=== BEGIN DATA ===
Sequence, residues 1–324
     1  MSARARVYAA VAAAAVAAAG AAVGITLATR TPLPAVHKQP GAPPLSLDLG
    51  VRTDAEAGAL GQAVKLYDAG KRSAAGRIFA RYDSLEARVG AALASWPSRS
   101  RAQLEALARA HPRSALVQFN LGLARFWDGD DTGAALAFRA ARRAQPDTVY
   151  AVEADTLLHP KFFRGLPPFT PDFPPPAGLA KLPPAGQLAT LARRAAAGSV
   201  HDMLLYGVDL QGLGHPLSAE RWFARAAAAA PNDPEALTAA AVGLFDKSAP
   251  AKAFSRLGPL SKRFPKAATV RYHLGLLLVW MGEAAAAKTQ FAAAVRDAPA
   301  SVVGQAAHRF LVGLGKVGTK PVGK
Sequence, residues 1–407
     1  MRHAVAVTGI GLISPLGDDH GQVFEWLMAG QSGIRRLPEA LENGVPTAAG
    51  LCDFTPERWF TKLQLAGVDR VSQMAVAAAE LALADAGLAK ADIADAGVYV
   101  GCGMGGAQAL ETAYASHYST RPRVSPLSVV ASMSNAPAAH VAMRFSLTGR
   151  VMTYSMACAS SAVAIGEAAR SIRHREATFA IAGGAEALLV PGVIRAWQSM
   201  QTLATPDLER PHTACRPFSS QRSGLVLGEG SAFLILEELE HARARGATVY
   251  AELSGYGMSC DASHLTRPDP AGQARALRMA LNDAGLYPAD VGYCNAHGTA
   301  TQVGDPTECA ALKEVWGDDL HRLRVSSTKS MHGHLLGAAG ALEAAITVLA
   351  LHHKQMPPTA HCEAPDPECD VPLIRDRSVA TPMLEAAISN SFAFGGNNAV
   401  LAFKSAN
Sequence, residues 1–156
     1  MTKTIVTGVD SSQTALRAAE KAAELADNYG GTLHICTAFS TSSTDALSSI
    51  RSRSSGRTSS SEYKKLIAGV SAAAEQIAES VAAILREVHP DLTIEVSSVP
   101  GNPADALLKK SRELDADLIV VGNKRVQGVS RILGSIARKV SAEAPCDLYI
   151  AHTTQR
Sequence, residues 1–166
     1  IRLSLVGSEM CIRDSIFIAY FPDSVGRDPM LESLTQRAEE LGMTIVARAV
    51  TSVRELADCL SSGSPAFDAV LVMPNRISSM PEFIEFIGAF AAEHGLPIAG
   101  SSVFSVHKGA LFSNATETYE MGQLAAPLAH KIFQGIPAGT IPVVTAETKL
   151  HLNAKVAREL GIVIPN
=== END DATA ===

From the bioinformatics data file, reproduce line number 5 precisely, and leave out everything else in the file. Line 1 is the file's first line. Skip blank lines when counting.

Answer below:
   151  AVEADTLLHP KFFRGLPPFT PDFPPPAGLA KLPPAGQLAT LARRAAAGSV